TJ VanToll

maxlength Constraint Validation Oddities in Major Browsers

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The maxlength attribute has been around in browsers for a long time. When provided, all browsers prevent the user entering a value that exceeds the maxlength.

For example you cannot type more than 2 characters in the textbox below:

Constraint Validation

Constraint validation is an HTML5 spec that provides native client side form validation in the browser. As part of its API, all <input> and <textarea> elements have a validity.tooLong property that is true when the length of the value exceeds the maxlength.

But if the browser prevents this, then why does the property exist?

Prefilled value Attribute

Assume that you’re populating the value of form elements from a database and you end up with something like this:

<input type="text" maxlength="1" value="ABC">

How will the browser handle this?

All browsers will prevent entry of additional characters, but they do not trim excess characters already present. Additionally, all browsers will allow a form containing the above input to submit. Note: Opera is the only browser to set the validity.tooLong property to true in this situation. Despite this, it does not prevent form submission.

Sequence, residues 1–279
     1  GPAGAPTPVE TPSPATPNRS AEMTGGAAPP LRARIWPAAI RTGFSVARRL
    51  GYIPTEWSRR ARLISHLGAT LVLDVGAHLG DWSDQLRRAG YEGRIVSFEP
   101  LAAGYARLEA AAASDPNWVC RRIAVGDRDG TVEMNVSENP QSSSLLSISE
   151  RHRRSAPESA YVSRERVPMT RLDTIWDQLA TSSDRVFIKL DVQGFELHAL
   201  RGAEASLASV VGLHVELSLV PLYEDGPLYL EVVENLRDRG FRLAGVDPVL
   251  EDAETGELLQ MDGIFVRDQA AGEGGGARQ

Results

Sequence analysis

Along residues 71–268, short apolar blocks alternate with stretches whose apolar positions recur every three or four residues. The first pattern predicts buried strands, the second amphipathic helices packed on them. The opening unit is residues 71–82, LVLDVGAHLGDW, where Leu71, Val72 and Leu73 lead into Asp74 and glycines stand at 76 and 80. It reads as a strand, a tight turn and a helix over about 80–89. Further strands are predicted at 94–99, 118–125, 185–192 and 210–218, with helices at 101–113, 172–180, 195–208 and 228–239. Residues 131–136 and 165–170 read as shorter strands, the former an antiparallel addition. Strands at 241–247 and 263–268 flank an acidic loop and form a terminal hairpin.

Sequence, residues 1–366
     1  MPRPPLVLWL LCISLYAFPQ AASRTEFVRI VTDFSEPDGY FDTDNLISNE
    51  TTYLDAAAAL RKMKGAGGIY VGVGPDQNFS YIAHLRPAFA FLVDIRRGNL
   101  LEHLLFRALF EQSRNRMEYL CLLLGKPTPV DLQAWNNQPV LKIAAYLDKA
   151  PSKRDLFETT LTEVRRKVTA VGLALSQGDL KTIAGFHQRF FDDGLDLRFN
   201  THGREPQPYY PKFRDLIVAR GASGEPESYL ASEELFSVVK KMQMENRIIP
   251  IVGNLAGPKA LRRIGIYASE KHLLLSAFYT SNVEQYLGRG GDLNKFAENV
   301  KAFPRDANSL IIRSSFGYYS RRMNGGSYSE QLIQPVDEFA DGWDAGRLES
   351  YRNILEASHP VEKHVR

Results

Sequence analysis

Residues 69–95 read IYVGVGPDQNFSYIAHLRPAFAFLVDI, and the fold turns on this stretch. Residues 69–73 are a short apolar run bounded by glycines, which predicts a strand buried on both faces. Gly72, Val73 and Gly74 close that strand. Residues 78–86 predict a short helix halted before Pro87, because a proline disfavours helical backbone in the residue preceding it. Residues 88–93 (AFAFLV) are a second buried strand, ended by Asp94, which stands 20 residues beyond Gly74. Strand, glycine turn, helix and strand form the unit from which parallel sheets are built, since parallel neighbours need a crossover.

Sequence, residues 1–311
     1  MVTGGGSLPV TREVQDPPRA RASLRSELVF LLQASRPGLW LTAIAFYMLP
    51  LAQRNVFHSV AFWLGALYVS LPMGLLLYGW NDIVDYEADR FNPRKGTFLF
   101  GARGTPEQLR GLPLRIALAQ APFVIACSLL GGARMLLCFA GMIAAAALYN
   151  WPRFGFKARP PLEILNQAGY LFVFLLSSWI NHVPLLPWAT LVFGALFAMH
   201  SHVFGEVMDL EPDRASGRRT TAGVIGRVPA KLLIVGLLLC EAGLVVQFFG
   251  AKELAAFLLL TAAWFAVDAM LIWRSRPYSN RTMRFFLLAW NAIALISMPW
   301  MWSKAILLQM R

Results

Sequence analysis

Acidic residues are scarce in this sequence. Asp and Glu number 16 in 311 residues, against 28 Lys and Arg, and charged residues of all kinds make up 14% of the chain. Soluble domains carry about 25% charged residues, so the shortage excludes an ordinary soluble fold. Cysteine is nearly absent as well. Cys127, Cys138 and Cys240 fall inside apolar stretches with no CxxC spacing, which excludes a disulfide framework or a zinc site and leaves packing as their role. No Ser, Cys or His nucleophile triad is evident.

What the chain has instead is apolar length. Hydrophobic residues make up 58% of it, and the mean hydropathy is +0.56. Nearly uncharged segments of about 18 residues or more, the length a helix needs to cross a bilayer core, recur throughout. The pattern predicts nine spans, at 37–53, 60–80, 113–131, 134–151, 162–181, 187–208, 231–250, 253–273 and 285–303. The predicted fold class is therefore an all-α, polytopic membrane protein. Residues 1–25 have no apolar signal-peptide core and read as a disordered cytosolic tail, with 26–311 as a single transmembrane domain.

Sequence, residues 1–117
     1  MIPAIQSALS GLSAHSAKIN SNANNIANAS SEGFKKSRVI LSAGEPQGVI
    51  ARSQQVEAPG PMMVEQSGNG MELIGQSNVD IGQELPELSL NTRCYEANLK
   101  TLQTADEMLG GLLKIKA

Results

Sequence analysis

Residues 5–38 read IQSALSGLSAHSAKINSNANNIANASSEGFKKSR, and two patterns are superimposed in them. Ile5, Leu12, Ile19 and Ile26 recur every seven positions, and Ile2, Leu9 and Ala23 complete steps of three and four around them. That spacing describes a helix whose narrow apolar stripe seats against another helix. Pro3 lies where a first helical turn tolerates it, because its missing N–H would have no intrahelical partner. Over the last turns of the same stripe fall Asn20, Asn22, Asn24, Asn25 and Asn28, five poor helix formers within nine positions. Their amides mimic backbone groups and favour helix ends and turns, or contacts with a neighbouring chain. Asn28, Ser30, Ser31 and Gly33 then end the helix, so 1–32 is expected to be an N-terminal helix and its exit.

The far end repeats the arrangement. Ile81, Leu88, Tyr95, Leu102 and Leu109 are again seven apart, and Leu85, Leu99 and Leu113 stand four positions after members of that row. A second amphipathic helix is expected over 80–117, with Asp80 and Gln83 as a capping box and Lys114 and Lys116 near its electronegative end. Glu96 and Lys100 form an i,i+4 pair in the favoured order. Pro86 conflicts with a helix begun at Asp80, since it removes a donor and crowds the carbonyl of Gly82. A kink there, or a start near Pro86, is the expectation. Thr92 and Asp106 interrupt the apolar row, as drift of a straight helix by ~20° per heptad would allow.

Why is submission not prevented? The key is in the specification:

Constraint validation: If an element has a maximum allowed value length, its dirty value flag is true, its value was last changed by a user edit (as opposed to a change made by a script), and the code-unit length of the element’s value is greater than the element’s maximum allowed value length, then the element is suffering from being too long.

The dirty flag essentially means that the user has changed the value of an element. Therefore, in order to be tooLong, the element must have been edited.

Actually Triggering tooLong

So let’s take another approach. What happens if you have the same input:

<input type="text" maxlength="1" value="ABC">

…remove one character, then submit? You can try it for yourself below:

Triggering tooLong errors Open in New Window

Upon edit IE10 and Chrome will set the validity.tooLong property to true and prevent form submission. If the user attempts to submit a form after removing the “C” they will see the following in those browsers:

Chrome IE10

Firefox, Safari, and Opera incorrectly handle this situation and allow the form to be submitted anyways.